“We’re super heavy on roleplaying,” he explained. “We’re super heavy on cool moves. We have combat, but it’s kind of a different breed of game.” When I asked him about whether his group was more into modules or homespun worlds, he explained that they’re into modules. He told me that they played the published adventure Age of Worms “for like six years” and now they’re in Tomb of Annihilation, one of the bigger published adventures from the past couple years. As our conversation went on, it became clear that what Lillard and his group of players were after in a game of D&D is the very particular flavor of tabletop that we see in series like Stranger Things. It’s a flavor of fantasy and a kind of experience that’s not quite as melancholy as Lord of the Rings, not as grim as Game of Thrones, and not as saccharine as the vast majority of visual and written fantasy content. An on-brand, well-run D&D campaign feels like nothing else, and that’s clearly what Lillard and crew are trying to provide.

If you think about your tabletop gaming experience as a platform upon which you can build out cool moves and fulfill heroic deeds, and you’re thinking about it as part of an already-expensive board gaming hobby, then five people splitting an expensive box for a plug-and-play gaming experience starts making a lot of sense. If you’re time crunched and want to embrace all the neat things that tabletop games allow for, then the whole concept starts to make itself more and more appealing. For people who are invested in tabletop games outside of D&D, including the vast world of free or cheap games like Honey Heist or Apocalypse World or Dream Askew, then the massive monetary investment might not make a lot of sense. With some distributed labor and player-centered play, you can avoid a lot of the prep that D&D demands while still getting the core of the roleplay experience. For people like Lillard and his crew who, as he told me, “don’t have time to experiment,” this provides the exact amount of novelty within the familiar D&D ruleset to keep everyone happy and engaged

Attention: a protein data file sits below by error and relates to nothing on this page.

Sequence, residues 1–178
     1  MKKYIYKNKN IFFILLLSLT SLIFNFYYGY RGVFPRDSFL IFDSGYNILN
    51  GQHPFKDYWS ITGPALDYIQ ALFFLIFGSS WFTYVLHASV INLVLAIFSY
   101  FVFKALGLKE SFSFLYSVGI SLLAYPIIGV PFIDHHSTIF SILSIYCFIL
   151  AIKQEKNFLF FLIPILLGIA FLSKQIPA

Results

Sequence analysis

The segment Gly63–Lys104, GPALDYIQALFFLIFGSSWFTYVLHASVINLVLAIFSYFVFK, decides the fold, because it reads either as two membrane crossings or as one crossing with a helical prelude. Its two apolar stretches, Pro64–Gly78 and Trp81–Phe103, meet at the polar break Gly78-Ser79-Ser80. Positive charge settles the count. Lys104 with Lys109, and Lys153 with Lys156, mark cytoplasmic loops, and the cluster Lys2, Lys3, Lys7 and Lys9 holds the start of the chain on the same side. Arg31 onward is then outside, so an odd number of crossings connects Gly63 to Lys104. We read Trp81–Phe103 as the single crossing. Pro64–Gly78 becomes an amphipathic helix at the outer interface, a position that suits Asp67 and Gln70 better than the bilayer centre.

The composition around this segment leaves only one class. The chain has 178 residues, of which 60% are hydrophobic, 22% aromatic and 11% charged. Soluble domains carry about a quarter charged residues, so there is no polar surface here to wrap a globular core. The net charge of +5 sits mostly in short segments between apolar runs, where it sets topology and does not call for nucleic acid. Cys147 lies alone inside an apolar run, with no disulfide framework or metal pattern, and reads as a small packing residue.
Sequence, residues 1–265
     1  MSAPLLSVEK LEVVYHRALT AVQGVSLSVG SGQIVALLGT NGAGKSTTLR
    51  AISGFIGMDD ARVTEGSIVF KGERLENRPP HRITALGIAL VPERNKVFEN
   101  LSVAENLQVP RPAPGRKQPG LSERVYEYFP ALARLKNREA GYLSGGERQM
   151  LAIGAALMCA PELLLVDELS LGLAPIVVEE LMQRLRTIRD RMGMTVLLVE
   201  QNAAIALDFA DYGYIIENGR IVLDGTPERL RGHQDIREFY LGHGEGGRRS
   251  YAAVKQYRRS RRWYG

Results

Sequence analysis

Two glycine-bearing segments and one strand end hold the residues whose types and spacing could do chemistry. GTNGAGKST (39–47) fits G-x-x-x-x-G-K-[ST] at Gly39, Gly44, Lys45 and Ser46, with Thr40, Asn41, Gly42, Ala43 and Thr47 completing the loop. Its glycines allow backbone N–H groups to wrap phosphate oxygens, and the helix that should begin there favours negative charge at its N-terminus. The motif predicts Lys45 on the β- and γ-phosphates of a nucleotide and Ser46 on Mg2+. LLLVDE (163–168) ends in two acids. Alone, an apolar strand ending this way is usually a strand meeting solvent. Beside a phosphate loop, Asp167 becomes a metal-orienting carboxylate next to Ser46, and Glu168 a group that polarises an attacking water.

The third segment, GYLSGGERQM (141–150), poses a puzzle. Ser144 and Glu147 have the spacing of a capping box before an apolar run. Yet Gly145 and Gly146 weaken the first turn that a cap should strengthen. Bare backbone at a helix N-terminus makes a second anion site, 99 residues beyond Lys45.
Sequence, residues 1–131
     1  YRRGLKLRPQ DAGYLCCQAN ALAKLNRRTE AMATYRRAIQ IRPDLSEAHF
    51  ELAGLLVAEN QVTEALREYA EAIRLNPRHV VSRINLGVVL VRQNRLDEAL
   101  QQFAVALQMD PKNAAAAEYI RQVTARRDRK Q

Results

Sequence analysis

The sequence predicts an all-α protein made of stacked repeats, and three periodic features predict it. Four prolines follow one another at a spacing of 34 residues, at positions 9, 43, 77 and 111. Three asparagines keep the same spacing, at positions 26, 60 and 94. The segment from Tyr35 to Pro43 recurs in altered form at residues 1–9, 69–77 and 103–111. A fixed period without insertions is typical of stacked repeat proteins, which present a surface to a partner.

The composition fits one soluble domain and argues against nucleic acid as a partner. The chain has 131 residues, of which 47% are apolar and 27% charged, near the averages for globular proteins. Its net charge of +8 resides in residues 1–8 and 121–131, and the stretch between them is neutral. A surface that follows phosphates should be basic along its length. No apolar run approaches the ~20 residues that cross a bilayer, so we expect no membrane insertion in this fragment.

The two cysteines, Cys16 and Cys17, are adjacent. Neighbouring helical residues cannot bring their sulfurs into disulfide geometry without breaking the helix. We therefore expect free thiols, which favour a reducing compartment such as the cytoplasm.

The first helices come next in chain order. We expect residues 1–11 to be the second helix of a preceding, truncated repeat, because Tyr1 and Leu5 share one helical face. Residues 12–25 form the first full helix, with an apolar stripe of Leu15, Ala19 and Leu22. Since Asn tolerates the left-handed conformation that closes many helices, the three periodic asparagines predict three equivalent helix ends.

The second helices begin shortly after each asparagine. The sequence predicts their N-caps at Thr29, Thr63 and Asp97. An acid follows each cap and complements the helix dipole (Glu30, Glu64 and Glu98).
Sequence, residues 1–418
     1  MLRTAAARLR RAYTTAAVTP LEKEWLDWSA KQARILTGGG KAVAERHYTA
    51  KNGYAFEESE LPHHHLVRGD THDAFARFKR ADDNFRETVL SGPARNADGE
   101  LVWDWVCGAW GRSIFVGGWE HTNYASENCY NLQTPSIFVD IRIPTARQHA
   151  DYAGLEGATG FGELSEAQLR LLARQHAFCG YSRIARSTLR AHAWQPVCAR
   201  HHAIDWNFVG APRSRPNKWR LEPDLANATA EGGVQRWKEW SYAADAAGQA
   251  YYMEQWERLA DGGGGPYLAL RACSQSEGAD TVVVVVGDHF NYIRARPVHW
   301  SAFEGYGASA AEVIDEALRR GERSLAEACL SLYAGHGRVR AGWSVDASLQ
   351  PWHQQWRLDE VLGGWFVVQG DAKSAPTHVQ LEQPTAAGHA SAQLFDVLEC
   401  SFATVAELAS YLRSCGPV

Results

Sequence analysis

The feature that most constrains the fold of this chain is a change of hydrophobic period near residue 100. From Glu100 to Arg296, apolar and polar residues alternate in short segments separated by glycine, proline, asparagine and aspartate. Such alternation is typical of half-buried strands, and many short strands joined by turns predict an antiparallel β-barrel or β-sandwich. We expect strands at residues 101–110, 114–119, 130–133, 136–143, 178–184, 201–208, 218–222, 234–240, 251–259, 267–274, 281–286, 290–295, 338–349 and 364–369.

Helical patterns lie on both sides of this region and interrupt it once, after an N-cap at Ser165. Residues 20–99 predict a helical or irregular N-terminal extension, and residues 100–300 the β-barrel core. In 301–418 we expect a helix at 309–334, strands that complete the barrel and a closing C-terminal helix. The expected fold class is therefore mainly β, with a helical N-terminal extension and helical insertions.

Some players are really attached to the prep-heavy mechanics of the venerable institution, and people with more money than time could see this as a shortcut to the kinds of tabletop experiences that they’re looking for. Traditional fantasy characters running into clever fantasy scenarios that are all contained in a convenient box does begin to look like an investment, and while it’s hard to see where this fits into my own gaming experience, it’s hard to deny that this is almost certainly a welcome object for many people who are trying to capture that D&D magic without the huge time sink of D&D preparation.

It’s impossible to deny that these prestige editions are cool and have interesting effects on the game. What’s up for debate is whether it’s worth it, and I think that has to come down to an evaluation of how much your group wants to spend to be able to jump directly into some immersive action at the gaming table. While I don’t know if I could ever be into this for the $500 of the Dragon Heist Platinum Edition, the lower the price goes the more likely I am to recommend these kinds of products to busy Dungeon Masters and money-pooling players. After all, they do make the work of running these games easier. It’s just a question of how much you’re willing to pay for that ease.

Cameron Kunzelman tweets at @ckunzelman and writes about games at His latest game, Epanalepsis, is available on Steam.